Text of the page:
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Understanding Bladder Control Medications (cont.)

Cholinergic Drugs for Bladder Problems

This class of drugs includes bethanechol (Duvoid, Urecholine). Cholinergic refers to nerve cells or fibers that use a certain type of chemical to send signals within the body. Cholinergic drugs are used when the bladder is not emptied completely following urination. This problem is known as residual urine in the bladder.

  • How cholinergic drugs work: These drugs contract the bladder, thus allowing complete emptying.
  • Who should not use these medications: Individuals with the following conditions should not use cholinergic drugs:
  • Use: Cholinergic drugs are taken by mouth and on an empty stomach (that is, one hour before eating or two hours after).
  • Drug or food interactions: Cholinergic drugs may increase effects of other drugs that also have cholinergic effects, such as tacrine (Cognex), donepezil (Aricept), galanthamine (Reminyl), and rivastigmine (Exelon or Exelon Patch). Anticholinergic drugs (such as those listed above) will likely reduce the effect of cholinergic drugs.
  • Side effects: Cholinergic drugs may cause vomiting, diarrhea, watery eyes, headache, dizziness, irregular heartbeat, wheezing, and/or breathing problems. Contact a doctor if these occur.

Beta Agonists for Bladder Problems

This class of medication, mirabegron (Myrbetriq), works by relaxing the bladder muscle during the storage phase, thus increasing the capacity of bladder to hold more urine. They can be used for the treatment of overactive bladder (OAB). Mirabegron (Myrbetriq) is the first drug in this category.

  • How beta-agonist drugs work: They work by relaxing the bladder muscles and reducing bladder overactivity.
  • Who should not use this medication: Individuals with the following conditions should not use mirabegron or a similar class of drugs:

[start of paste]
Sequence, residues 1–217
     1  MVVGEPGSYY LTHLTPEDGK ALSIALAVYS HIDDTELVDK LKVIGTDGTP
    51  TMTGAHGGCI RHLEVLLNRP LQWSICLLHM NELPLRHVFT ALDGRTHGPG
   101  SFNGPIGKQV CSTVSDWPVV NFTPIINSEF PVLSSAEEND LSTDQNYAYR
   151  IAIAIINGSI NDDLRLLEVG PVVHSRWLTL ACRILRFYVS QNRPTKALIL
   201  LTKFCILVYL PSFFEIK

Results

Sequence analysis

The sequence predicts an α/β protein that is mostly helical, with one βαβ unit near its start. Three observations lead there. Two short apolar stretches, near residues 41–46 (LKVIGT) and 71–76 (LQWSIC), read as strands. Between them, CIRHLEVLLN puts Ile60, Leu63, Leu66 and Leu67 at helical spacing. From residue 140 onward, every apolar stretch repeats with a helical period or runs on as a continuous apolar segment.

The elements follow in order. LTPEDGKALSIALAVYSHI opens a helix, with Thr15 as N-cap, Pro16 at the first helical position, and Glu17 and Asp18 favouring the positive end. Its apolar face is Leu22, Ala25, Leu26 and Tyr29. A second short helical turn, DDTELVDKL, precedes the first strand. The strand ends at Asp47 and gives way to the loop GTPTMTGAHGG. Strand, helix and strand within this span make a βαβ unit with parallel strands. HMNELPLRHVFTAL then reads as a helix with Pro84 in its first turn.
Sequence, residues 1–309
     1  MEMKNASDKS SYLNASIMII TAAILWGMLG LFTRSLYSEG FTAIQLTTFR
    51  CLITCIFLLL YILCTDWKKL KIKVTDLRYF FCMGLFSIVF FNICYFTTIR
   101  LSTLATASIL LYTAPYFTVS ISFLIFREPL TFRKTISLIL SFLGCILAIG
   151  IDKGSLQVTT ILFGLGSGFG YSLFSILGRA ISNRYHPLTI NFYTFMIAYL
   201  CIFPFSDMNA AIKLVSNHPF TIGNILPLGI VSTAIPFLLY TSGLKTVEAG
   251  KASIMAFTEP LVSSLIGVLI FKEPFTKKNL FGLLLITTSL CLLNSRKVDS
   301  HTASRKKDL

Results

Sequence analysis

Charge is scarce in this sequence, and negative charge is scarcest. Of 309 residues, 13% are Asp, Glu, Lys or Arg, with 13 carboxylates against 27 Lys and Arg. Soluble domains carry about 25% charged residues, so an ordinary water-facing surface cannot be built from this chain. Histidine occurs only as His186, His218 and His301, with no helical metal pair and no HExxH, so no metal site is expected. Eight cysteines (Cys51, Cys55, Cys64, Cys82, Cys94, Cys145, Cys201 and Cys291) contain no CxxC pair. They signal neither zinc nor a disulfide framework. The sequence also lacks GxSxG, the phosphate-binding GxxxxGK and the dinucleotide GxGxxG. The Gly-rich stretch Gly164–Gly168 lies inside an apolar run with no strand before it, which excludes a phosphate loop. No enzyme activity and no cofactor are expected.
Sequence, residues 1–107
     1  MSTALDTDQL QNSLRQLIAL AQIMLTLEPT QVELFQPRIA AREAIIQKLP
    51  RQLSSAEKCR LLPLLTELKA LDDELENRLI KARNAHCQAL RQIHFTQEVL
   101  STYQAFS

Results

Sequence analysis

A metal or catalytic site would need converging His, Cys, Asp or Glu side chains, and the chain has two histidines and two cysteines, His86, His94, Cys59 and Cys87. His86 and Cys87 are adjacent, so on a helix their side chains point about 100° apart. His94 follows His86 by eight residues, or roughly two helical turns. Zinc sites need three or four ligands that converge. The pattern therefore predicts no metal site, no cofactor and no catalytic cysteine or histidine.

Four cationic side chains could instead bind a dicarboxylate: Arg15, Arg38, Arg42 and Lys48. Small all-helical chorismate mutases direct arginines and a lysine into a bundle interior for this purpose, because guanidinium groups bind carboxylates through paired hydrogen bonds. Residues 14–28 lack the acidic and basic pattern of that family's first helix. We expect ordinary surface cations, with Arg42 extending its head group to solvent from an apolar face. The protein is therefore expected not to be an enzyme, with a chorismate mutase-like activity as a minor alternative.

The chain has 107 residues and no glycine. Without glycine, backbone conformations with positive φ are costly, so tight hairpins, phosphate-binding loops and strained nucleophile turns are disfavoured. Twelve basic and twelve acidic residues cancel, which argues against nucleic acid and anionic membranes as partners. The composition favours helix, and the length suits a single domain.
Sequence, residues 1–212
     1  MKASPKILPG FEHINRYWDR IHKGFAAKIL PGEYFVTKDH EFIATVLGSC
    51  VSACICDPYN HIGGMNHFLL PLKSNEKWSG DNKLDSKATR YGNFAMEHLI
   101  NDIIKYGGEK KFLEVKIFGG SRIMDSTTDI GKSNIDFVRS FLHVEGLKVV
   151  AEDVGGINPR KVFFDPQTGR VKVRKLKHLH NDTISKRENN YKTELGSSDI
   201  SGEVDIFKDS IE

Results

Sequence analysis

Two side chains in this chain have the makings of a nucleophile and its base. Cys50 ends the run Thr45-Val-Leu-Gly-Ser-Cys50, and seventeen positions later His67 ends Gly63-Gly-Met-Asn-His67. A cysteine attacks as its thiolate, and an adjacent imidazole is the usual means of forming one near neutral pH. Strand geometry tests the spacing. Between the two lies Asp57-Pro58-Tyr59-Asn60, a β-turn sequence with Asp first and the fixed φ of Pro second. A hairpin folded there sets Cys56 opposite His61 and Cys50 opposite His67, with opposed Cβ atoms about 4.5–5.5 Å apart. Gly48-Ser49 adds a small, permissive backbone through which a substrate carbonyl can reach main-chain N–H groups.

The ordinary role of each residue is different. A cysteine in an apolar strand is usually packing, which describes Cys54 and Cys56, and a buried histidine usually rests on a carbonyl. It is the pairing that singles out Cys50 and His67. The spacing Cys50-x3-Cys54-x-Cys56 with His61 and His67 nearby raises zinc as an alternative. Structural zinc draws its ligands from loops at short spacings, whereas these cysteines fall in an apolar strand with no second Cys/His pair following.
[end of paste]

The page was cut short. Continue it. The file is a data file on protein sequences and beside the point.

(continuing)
• Side effects of mirabegron include: elevation of blood pressure, urinary retention (inability to fully empty the bladder), dry mouth, inflammation of nasal passages, and constipation
  • Use: Mirabegron can be taken orally with or without food. It should be taken whole without crushing or chewing.
  • Drug or food interactions: Patients should inform their doctor if they are taking any other medications for leaky bladder. Certain medications actions and side effects can be enhanced if combined with mirabegron. For example, chlorpromazine, desipramine, digoxin, encainide, flecainide, metoprolol, nortriptyline, pimozide, propafenone, tetrabenazine, or thioridazine may have an increased risk of their side effects when combined with mirabegron.

Other Bladder Control Medications

If symptoms of urinary incontinence are thought to be caused by an enlarged prostate, different medications can be offered to reduce these symptoms. The prostate gland wraps around the urethra (the urinary outlet from the bladder), and if it is enlarged, it could squeeze the urinary passage tight, making the emptying of bladder more difficult and incomplete.

In brief, the following categories are available for the treatment of urinary symptoms caused by an enlarged prostate (prostatic hypertrophy):

Botox Injection for Bladder Problems

Botox (onabotulinumtoxinA) injection has recently been approved by the Food and Drug Administration (FDA) for the treatment of overactive bladder (OAB) for patients who have failed to respond to standard therapy with anticholinergic medications.

Overactive bladder is a type of urinary incontinence caused by overactivity of the muscles in the bladder, causing frequent squeezing of the bladder and, thus, frequent urge to urinate. Botox can be injected into the bladder directly through a cystoscope (catheter with a camera going into the bladder via the urethra).

Common side effects of Botox injection may include incomplete emptying, urinary tract infection, and painful urination.

Medically reviewed by Michael Wolff, MD; American Board of Urology

REFERENCE:

United States. Food and Drug Administration. "FDA Approves Botox to Treat Overactive Bladder." Jan. 18, 2013. <http://www.fda.gov/NewsEvents/Newsroom/PressAnnouncements/ucm336101.htm>.


Medically Reviewed by a Doctor on 11/16/2016
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